The editorial also said that Mr. Chavez "triggered an ultimately unsuccessful coup against himself by ordering police and the military to attack opposition demonstrations." The coup has been shown to be a well-organized right-wing effort with questionable democratic credentials. Further, members of the metropolitan police -- under the command of the mayor of Caracas and prominent Chavez opponent Alfredo Peña -- did most of the killing.
Umm... And the proofs are? It is astounding to me that a faculty member (?) of Georgetown University is not aware (or does not want to be aware?) that no independent "commission of truth" has been installed, a tool used in several South American countries emerging from deep political traumas. The Chavez administration and Chavez controlled National Assembly have sabotaged any serious attempt at finding the real truth, preferring the pro-Chavez courts of Aragua State to do their deed, that is proving "innocent" the Llaguno shooters and trying to make guilty a few cops of "la Metropolitana" (and Peña what? If his cops are guilty how come he is not on trial?) For all that I know the charges leveled by the letter could be right, but right now they are NO MORE credible than what the Post writes.
Mr. Chavez should respect the will of the majority should it choose to revoke his presidential mandate, just as the opposition should respect the will of Chavez supporters who choose to do the same to opposition lawmakers (government supporters gathered more than 2.6 million signatures, enough to call a referendum on 37 opposition lawmakers). This, though, does not justify The Post offering farfetched allegations and rumors as fact.
And the point is? How come the letter mentions ONLY the total gathered by the government who finished their slow tabulation just as the opposition finished its own tabulation? Is this coming from the law department or the foreign department of Georgetown?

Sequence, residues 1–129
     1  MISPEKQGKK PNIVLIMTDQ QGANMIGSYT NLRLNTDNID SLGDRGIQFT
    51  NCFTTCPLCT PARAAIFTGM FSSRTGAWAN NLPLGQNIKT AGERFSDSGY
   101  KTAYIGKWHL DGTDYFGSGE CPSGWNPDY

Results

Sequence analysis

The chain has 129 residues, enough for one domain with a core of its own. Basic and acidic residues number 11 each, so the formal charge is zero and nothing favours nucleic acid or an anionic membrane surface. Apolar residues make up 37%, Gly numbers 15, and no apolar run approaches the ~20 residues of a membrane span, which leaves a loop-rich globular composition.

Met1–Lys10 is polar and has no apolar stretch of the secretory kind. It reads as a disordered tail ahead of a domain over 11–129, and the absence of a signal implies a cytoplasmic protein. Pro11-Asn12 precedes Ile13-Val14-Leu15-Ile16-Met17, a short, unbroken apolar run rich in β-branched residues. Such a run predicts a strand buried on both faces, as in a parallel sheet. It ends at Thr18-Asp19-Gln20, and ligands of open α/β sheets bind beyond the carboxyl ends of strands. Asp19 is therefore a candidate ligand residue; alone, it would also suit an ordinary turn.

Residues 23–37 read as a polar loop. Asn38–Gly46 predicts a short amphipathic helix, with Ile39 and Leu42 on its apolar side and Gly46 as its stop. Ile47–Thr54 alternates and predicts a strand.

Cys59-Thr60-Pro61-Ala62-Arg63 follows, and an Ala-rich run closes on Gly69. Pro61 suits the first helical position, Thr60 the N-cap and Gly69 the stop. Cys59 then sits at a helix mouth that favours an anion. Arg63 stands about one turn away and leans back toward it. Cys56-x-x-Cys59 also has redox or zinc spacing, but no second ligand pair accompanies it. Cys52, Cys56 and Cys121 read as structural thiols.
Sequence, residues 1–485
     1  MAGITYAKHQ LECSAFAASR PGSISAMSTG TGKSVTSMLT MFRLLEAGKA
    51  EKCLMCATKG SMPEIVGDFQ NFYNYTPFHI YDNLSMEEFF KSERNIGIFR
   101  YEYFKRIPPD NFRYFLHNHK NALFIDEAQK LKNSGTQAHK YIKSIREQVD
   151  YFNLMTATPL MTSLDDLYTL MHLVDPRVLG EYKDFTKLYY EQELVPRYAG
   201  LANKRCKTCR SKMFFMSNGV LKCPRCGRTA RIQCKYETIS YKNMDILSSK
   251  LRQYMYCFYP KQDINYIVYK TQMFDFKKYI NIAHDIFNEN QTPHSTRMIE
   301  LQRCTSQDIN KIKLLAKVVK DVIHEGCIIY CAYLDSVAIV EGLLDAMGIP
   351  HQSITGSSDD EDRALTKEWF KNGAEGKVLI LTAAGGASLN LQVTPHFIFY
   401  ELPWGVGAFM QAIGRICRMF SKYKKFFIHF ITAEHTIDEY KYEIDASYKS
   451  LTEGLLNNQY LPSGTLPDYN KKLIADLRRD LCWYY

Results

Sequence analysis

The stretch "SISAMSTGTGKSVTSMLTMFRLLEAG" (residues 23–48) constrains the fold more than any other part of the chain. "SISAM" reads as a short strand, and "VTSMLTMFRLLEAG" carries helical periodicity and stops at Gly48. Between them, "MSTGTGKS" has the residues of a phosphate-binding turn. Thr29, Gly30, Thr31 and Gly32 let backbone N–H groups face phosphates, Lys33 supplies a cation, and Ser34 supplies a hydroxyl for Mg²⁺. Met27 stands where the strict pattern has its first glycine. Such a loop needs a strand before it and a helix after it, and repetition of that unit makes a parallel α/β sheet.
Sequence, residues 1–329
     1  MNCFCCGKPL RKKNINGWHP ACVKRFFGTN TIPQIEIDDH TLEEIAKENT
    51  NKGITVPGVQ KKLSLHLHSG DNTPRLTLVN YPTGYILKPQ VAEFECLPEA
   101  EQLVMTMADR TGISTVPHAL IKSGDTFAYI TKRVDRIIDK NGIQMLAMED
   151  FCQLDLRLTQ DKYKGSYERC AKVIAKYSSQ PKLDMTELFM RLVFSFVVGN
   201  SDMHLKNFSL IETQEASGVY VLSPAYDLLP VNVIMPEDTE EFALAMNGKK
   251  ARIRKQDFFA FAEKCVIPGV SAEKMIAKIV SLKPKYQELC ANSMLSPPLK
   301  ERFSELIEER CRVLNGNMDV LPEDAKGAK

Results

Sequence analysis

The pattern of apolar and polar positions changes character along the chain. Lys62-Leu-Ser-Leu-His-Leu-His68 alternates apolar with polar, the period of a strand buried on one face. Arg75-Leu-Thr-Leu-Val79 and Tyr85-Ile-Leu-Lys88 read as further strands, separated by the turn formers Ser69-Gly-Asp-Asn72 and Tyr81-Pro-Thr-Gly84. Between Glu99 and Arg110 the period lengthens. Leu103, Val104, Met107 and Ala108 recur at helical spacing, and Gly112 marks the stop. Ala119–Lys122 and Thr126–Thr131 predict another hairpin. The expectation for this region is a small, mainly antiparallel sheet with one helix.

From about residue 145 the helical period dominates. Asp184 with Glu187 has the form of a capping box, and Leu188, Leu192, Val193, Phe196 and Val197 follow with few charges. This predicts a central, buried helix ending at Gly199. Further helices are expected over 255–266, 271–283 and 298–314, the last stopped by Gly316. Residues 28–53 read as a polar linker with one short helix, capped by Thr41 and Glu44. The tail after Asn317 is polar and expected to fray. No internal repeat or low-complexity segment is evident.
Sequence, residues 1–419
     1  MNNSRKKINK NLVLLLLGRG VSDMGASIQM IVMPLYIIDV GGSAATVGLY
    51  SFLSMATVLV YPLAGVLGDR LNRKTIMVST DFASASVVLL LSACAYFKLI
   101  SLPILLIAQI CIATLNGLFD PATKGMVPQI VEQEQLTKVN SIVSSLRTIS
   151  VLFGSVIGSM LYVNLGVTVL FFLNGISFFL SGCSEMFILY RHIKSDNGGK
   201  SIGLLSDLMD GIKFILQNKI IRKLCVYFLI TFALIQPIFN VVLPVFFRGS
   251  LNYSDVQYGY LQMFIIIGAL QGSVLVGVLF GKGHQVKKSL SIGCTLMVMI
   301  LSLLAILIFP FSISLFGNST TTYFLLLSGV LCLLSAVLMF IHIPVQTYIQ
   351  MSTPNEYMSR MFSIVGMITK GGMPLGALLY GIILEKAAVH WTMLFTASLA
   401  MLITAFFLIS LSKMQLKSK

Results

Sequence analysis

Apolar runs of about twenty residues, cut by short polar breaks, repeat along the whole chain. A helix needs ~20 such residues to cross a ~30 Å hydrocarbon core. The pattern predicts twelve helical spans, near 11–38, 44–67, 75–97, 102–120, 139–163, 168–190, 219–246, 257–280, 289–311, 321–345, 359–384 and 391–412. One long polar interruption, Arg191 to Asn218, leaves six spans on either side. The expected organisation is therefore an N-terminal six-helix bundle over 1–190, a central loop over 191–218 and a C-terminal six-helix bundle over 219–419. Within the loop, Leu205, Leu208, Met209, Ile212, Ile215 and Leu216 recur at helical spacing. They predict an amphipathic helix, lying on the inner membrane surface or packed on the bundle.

Center for Latin American Studies, Edmund A. Walsh
School of Foreign Service, Georgetown University
I have no idea who the writer is, but his letter seems to match too well the one from the ambassador. Coincidence? I will let the reader speculate on the objectivity presented in that letter.
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But this was not all. The page of the Post gives two paid advertisement links. One is for Venezuelan coffee; the other for Venezuelanalysis.com. This last site is little more than a propaganda machine for the Venezuelan government. That it is so is simply confirmed by "someone" paying to advertise it in the Washington Post (according to an explanation link). As far as I know I do not see real news agencies such as AP advertising in the Post web pages...
Really, when the history of the Chavez propaganda machine will finally be revealed I am sure that a few surprises are in store for us. I, for one, cannot wait to see who paid what to whom to say what.
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Note added 24 hours later (first time I do edit a post of mine except for an occasional glaring grammatical mistake, I am very strict at standing by my words once posted):
I did a quick Google search on Martin AUSTERMUHLE. It turns out that he is a Master´s student at Georgetown. Nothing wrong with that of course, and nothing wrong writing to the Post as a Graduate Student. However, the Post did a mistake in not checking out Martin before. The way he is introduced anyone could be led to think that he was some authority from Georgetown. I did sense that something was odd in his letter to the editor and I did put a question mark (?) when I qualified him as a faculty member. My intuition was right and I should not have trusted the Post on the credentials published. My mistake, I will be more careful next time, even if magic words like "Harvard" appear.
Still, obviously Mr. Austermuhle needs to do more homework on Venezuela. And Georgetown University might want to make sure that its Graduate Students do not speak in its name.